[tz] tz abbreviations / zdump for programmers

Boruch Baum boruch_baum at gmx.com
Mon Jun 4 15:02:10 UTC 2012

Hash: SHA1

Greetings y'all,

I have a bit of a long (inaugural) post here to describe my interest
in joining this list, and what I might be able to contribute to the
greater glory of tz-correctness. BTW, as part of my 'due diligence'
before posting this, I read/scanned a selection of the collection of
detailed comments in the glibc-2.13/timezone files, as well as the
timezone entry in glibc-2.13/FAQ. I'm very glad those comments are there.

1] The app/library I develop/maintain
2] End users' stubborn insistence on using tz abbreviations
2.1] zone.tab modification proposal
2.2] zone.abbr.tab proposal
3] The 'zdump' programmer's function I 'need' to write

1] The app/library I develop/maintain
libhdate is a FOSS collection for Hebrew time/date 'stuff', for which
time zone data and location coordinates are important because: 1) we
have about a dozen significant astronomical times-of-day that need to
be mapped to a correct local clock time at any particular location; 2)
users want that information for future and past dates, and; 3) users
want that information for locations in other parts of the globe.

This FOSS collection is under active development and versions are
available from sourceforge and the Debian GNU/Linux repositories.
There are unrelated, closed-source, alternatives available (eg.
kaluach for windows and java, and dostagfarlinux for, um, linux).

2] End users' stubborn insistence on using tz abbreviations
... and who can blame them, when that's all they hear in the media.
This leaves me in a bind, because if I accept a tz abbreviation as a
user input, I have two undesirable options: 1) I could scan ALL the
~420 tzif files for matches and, if I discover that the tz abbrev is
not unique, either make an educated guess (based upon the user's
locale definition which often will include a country code and a
language) or prompt the user for clarification; or 2) I could
pre-compile a list that suits my parochial needs, and update my list
anytime the tzdata package is updated (and still have to occassionally
guess or prompt the user).

Then I said to myself, "self, you can't be the only one out there
facing these users - go consult and find a global solution".

Following are two proposals. Neither may be perfect, but each may make
life alot easier for many...

2.1] zone.tab modification proposal
Add a new column/field to this file, in the format:
   xxx    is a tz abbreviation
   nnnnn  is the UTC offset for that abbreviation.
The use of ";", ":", and braces are to simplify the task of parsing
the data programmatically.

1) All information for a timezone on a single line
   (ie. in a single record).
2) All worldwide information in a single file (no need to travel the
   dir-tree and parse ~420 files)
1) Long line(record) length
2) Messing with the format of an existing file, upon which others may
3) Requires change to whatever script/program is used to compile the
   file for release

2.2] zone.abbr.tab proposal
Create a new text file, say /usr/share/zoneinfo/zone.abbr.tab, sorted
by tz abbreviation, with a format like:
   localedef        useful for setting $LC_TIME
                    and for language matching
   is_dst           if yes, this would have the abbreviation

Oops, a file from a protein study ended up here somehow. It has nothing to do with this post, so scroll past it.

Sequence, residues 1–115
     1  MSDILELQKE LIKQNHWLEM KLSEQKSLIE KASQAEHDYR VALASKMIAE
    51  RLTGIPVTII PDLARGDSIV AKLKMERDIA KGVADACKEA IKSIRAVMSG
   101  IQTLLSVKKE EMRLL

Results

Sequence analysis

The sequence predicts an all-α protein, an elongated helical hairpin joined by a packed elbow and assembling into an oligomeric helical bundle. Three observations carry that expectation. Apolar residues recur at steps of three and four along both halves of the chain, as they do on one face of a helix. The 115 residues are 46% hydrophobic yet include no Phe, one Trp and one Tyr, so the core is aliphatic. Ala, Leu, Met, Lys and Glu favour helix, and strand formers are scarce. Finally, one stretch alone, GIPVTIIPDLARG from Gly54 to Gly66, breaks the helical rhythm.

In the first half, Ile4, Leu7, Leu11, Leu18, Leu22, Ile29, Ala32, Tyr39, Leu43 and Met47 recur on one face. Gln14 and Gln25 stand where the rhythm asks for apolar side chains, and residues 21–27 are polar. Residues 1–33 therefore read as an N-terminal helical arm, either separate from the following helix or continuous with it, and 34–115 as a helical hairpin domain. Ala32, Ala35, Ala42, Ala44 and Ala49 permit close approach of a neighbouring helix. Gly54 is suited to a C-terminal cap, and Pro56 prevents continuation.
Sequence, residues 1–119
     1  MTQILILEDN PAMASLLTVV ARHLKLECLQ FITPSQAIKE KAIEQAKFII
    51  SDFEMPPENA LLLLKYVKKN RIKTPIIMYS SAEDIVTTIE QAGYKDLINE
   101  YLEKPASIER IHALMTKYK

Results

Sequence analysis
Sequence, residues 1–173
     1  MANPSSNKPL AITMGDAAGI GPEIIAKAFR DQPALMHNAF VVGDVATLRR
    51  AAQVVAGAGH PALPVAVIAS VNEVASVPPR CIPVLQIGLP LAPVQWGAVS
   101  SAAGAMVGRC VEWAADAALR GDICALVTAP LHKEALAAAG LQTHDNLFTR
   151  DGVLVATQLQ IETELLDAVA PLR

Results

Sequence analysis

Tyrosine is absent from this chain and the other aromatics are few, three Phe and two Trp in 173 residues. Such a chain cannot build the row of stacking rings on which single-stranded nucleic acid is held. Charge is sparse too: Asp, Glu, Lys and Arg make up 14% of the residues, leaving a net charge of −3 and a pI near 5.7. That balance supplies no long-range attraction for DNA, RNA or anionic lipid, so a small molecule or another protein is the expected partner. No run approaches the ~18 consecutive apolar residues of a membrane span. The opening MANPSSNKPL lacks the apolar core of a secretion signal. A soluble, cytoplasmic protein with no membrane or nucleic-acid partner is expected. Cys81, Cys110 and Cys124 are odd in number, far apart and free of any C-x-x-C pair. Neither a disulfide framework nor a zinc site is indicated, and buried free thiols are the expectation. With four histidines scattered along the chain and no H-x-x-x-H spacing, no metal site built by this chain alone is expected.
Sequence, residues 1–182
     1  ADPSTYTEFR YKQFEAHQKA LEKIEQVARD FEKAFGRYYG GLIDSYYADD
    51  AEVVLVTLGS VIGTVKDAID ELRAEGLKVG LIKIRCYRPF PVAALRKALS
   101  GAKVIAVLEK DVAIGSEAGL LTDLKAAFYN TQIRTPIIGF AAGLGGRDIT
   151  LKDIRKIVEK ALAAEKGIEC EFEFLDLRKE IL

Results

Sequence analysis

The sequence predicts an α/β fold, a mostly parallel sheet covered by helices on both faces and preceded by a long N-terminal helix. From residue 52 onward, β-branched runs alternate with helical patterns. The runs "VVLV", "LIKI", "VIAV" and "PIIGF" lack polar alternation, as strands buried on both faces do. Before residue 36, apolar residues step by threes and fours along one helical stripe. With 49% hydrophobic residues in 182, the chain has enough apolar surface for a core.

of the non_dst version of this tz.
   historical_only  (y/n) - ie. whether currently in use.
   full_name        of the abbreviation, not of the 'real' tz name.

1) Easy to find matches for users' pesky (short and convenient-to-type)
2) All worldwide information in a single file (no need to travel the
   dir-tree and parse ~420 files)
3) Includes additional useful information (is_dst, historical_only,
   full_name, locale_def)
4) Doesn't mess with existing files
1) It's a new file.
2) Requires new script/program to compile the file for release

3] The 'zdump' programmer's functiion I 'need' to write
This section isn't directly related to the above. I don't NEED to
write a 'zdump' programmer's functiion; I WANT to, because I remember
when a 4Mhz clock speed was wicked fast, and using the current glibc
time functions for my libhdate collection would be tremendously
wasteful, although today's users will probably never notice.

For this section, the reason I want to consult with members of this
list (and I appreciate you having read this far) is to make the
function as universally useful as possible (it will be FOSS/GPL3+) .

My current plan is:

int zdump(               /// returns TRUE on success, FALSE on failure
    const char* tzname,  /// fully-qualified time-zone name
                         ///    (eg. Asia/Baku)
    const time_t start,  /// seconds from epoch to be scanned
    const time_t end,    /// seconds from epoch to be scanned
    int* num_entries,    /// upon successful return, int will contain
                         ///    the number of dst transitions + 1,
                         ///    for the interval 'start' to 'end'.
                         ///    The first entry will always be the
                         ///    tz state at time_t start.
                         ///    Returns 0 on failure.
    void* return_data    /// upon successful return, will contain a
                                pointer to a malloc()ed space of
                         ///    'num_entries' of 'tzinfo' data, as
                         ///     described below, sorted in ascending
                         ///     chronological order.
                         ///    Returns NULL on failure.

tzinfo    {
    time_t start         /// seconds from epoch
    int    utc_offset    /// in minutes, or maybe seconds.
    char   is_dst        /// 0/1
    char[] tz_abbrev     ///
    const char end_mark  /// '\0'
- -- 
CA45 09B5 5351 7C11 A9D1  7286 0036 9E45 1595 8BC0

Version: GnuPG v1.4.12 (GNU/Linux)


More information about the tz mailing list